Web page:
By Reilly Starr
In my senior year of high school, I was ranked 23rd in the US for the Pentathlon – high jump, long jump, hurdles, 800 meter run, and shot put. I also excelled at volleyball and was able to jump higher than most girls, which I loved. But the same strong thighs that helped me achieve these accolades also beckoned comments like: “You’re going to regret lifting that much when you’re older,” or “Your thighs are thicker than mine.” (That one was from a male teammate on the track team.)
Beauty is a complicated and sensitive topic, especially when it comes to female athletes.
When I was 4 years old, I started modeling for an agency now known as Modelogic Wilhelmina. My father was handpicked to model when he was a young man and continued well into his 40s. It was very convenient for the agency to pitch us as a family, and thus my brother’s first modeling job was when he was a few months old. Modeling was a very positive experience for me, and infused positives in my life that one doesn’t usually associate with child modeling, like time management, financial independence, and confidence. It also afforded me my first computer and my first car, which still makes me proud.
By the time high school rolled around, modeling was a constant flow of income for me. This is also the time that I started to focus on sports. For a brief period of time, during my aggressive growth spurt (2 inches in a summer!), I was that petite female who was very strong yet still slender. But as I started to lift more and aspire to collegiate sports, I started to “outgrow” modeling. I’ll never forget — After my first season of collegiate volleyball, a well-known agency near school suggested that I lose two inches off each thigh. My modeling career was essentially over. (Keep in mind, this was almost 15 years ago, and Lululemon had not yet created a market for fashionable fitness modeling.)
Standing at the crossroads of athlete and model pinched my ego… for a hot second. I quickly realized that the physical, mental, and social gratification I get from athletics is priceless. So I decided to do something about it.
Two years ago, Naked Sports Gear was born, a brand for what I like to call the femme jock. (Naming credit goes to Marney Reid from Stilettos on the Glass Ceiling.) The femme jock is a modern day athlete: she is passionate about playing sports, keeping in shape, and looking attractive – and I leave it to each woman that reads this to define her version of attractive. All of Naked’s tanks and sports bras are comfortable, bright, and tan-through.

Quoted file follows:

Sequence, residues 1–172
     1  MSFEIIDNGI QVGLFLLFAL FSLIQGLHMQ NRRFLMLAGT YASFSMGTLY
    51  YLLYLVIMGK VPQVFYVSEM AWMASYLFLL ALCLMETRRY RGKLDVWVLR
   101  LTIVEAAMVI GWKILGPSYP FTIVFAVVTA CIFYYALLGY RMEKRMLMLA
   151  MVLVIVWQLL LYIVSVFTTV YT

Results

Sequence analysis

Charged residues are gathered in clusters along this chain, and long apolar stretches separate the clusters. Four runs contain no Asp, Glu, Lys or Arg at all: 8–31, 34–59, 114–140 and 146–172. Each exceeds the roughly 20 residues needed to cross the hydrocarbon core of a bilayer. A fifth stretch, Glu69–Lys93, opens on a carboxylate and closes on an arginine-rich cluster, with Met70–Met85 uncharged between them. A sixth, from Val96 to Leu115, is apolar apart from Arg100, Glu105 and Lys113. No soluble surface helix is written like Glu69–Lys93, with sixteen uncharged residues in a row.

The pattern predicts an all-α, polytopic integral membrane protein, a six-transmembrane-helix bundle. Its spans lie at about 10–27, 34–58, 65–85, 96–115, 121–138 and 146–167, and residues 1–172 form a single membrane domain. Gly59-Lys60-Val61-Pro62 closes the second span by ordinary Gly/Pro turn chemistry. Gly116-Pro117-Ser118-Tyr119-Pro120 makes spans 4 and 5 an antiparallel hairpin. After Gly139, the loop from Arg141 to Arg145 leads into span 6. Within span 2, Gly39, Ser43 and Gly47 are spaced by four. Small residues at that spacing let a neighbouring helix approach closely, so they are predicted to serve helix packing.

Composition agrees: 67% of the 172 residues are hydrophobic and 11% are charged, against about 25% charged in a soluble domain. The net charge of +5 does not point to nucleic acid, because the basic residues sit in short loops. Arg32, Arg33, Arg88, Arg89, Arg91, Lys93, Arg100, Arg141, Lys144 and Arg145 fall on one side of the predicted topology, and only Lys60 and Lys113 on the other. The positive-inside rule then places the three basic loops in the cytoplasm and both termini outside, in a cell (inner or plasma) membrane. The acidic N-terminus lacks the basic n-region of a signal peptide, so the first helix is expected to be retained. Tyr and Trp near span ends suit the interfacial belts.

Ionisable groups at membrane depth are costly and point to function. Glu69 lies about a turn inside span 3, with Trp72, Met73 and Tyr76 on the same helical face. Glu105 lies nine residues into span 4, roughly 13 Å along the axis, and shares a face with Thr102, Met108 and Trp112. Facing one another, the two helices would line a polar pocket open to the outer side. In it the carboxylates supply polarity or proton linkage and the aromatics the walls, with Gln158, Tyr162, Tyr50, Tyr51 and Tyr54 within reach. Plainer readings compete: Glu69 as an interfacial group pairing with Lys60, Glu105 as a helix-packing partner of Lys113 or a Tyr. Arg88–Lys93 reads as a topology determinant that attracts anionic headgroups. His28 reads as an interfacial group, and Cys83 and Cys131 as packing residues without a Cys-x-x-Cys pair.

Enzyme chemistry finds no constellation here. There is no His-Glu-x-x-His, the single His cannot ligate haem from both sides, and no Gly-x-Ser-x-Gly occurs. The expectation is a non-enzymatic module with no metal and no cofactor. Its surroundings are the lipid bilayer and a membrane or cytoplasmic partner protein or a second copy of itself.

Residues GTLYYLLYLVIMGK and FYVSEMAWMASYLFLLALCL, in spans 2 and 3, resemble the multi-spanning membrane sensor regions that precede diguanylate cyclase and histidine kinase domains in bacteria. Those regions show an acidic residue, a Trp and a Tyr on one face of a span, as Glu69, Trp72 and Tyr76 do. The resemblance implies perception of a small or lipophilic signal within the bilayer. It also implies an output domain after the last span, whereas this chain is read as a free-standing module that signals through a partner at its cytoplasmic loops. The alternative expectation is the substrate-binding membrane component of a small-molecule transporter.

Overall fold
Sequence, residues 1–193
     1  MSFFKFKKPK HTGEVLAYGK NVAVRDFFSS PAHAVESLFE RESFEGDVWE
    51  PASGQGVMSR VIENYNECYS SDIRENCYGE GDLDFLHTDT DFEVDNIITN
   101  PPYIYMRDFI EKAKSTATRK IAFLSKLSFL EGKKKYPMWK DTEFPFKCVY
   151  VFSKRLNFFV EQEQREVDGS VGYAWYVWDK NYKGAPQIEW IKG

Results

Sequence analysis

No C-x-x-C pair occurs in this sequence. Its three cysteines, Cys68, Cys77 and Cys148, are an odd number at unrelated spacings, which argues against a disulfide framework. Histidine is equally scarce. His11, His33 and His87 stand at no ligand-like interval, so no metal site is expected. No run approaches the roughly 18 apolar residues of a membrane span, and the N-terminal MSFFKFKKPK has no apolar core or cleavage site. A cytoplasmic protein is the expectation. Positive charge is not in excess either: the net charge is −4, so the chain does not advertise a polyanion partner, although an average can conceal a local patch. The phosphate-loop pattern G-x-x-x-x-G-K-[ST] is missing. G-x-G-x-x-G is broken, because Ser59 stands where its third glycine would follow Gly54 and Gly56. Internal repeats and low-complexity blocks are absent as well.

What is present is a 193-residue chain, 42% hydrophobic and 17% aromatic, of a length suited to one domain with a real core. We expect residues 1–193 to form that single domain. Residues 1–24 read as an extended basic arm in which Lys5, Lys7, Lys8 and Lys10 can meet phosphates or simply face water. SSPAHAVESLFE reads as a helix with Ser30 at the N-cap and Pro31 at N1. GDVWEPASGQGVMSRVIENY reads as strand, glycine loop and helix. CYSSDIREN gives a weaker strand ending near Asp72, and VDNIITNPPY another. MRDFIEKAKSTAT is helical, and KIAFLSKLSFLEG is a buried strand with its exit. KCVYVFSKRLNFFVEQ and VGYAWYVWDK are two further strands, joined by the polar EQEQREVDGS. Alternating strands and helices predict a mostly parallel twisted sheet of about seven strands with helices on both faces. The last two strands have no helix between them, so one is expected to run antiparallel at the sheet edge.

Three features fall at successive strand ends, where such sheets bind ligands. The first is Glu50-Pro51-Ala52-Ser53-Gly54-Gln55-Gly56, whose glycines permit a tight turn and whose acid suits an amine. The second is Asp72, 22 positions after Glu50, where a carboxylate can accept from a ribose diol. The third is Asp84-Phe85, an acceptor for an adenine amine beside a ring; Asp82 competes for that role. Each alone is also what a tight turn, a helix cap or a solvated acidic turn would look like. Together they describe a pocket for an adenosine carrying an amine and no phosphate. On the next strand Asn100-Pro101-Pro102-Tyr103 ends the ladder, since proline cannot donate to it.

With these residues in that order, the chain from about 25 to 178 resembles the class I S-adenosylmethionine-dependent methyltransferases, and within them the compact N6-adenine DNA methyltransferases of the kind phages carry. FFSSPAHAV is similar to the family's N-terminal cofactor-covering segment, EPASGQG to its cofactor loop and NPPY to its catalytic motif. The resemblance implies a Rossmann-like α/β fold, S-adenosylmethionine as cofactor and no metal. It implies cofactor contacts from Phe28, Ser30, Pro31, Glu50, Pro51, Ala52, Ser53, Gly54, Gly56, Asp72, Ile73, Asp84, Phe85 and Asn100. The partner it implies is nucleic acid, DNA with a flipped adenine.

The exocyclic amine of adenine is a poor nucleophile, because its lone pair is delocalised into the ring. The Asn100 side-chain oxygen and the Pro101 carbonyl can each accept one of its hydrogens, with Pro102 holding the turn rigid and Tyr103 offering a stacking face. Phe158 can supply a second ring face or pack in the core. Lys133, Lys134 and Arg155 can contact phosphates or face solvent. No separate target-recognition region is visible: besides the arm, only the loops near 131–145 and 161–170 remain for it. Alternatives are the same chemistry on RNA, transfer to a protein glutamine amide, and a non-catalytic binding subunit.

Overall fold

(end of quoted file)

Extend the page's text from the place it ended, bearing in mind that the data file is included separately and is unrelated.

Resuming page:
When choosing models for Naked Sports Gear we were adamant about choosing women that screamed “real.” We wanted women that embodied the look of their passions. We are so proud of our athletic friends that volunteered to be our first Naked models. In the midst of an unusually snowy November, our models revealed their beautiful curvaceous muscles! Within our roster of “models,” we now claim an aerialist, two fitness gurus, two volleyball players, two runners, and other athletic females.
I also cofounded AllStarr Volleyball, a juniors volleyball club, which grew beyond my expectations — partly because of my vision for young women, partly because of the talented coaches and staff — but also because sports are now popular with young girls! In fact, research shows that girls that play sports have higher rates of graduation, more success in their careers, and most importantly, a high level of confidence.
Let that be the new standard of beauty.
Reilly Starr is the Co-Founder & CEO of Naked Sports Gear. She is also an all-around jock, serial entrepreneur, and social media addict. She played Varsity Women’s Volleyball in college for George Washington University, and presently plays on club volleyball teams all over the New York/ New Jersey area. Professionally, Reilly has managed social media, communications, and public relations for internationally recognized brands such as IBM and Mitsubishi, and some of the largest law firms in the world. Additionally, Reilly is also the co-founder of AllStarr Volleyball, a 501(c)3 organization that offers competitive volleyball opportunities to youth in New York City.